In May 2010, Chavez ordered the military to seize 120 tons of food from Empresas Polar.
In March 2009, Chavez set minimum production quotas for 12 basic foods that were subject to price controls, including white rice, cooking oil, coffee, sugar, powdered milk, cheese, and tomato sauce. Business leaders and food producers claimed that the government was forcing them to produce this food at a loss.
Chavez has nationalized many large farms. Chavez said of the farmland, “The land is not private. It is the property of the state.” Some of the farmland that had been productive while under private ownership is now idle under government ownership, and some of the farm equipment sits gathering dust. As a result, food production has fallen substantially. One farmer, referring to the government officials overseeing the land redistribution, stated, “These people know nothing about agriculture.”
Chavez has seized many supermarkets from their owners. Under government ownership, the shelves in these supermarkets are often empty.
In 2010, after the government nationalized the port at Puerto Cabello, more than 120,000 tons of food sat rotting at the port.
In May 2010, after price controls caused shortages of beef, at least 40 butchers were arrested, and some of them were held at a military base and later strip searched by police.
In their 1848 publication Manifesto of the Communist Party, Karl Marx and Frederick Engels wrote:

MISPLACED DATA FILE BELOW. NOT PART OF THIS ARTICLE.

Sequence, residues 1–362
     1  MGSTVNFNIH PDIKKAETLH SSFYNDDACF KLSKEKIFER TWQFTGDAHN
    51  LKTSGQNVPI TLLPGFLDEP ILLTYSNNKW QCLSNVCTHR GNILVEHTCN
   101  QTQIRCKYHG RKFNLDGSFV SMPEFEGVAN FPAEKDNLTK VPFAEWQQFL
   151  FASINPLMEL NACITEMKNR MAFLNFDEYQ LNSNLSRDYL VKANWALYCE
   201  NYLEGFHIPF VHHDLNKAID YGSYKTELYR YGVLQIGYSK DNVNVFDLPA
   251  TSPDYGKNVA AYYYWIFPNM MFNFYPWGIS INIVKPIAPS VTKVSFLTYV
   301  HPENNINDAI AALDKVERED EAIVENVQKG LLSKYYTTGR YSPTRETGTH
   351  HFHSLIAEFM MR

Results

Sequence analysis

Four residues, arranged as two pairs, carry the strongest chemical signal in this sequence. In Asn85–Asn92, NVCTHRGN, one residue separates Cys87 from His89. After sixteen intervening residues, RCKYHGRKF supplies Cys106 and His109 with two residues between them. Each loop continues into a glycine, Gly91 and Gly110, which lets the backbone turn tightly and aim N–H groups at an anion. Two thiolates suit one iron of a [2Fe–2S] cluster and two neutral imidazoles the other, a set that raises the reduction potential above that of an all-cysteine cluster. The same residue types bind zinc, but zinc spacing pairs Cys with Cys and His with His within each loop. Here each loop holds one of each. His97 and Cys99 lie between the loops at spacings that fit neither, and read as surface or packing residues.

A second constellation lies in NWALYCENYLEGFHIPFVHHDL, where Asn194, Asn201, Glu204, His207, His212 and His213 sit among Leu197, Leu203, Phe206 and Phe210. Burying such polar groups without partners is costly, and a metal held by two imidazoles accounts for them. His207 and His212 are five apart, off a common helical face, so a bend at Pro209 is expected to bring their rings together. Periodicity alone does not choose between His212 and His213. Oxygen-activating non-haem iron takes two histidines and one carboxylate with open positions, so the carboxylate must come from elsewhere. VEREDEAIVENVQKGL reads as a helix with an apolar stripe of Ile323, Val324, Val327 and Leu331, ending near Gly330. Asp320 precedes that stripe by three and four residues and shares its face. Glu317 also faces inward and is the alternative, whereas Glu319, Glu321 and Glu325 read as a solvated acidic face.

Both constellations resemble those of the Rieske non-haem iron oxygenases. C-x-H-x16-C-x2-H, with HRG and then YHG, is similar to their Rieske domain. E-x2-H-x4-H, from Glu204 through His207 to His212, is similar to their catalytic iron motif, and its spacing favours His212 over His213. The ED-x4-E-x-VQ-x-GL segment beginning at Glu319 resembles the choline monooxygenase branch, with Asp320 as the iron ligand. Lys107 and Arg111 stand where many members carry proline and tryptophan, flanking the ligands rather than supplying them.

“The theory of the Communists may be summed up in the single sentence: Abolition of private property.”
Obama administration congratulates Venezuela after Hugo Chavez’s reelection – here’s why I’m not surprised
After Hugo Chavez won reelection in Venezuela, the Obama administration congratulated the country. A week earlier, Chavez had said that he and Obama would vote for each other, if they were citizens of each others’ countries.
So what exactly do Obama and Chavez have in common? They both love government control of the economy, and are willing to violate their countries’ laws in order to achieve that goal. It is only because the U.S. places much tougher constitutional limits on government power that Obama has not been able to carry out these policies as far as Chavez has.
Some time ago, I wrote this post called Here are 95 examples of Barack Obama’s lying, lawbreaking, corruption, and cronyism. I also wrote this other post called Obama gives award to communist Dolores Huerta, and won’t let anti-communist hero Lech Walesa into White House. Those things reveal a lot of information about Obama’s ideology and goals.
It is only because of the United States’ constitution’s strict limits on government power that Obama has not done even worse things. In Venezuela, where the constitutional restrictions on government power are nowhere nearly as strong as those in the U.S., Chavez has done things which are much worse than what Obama has done.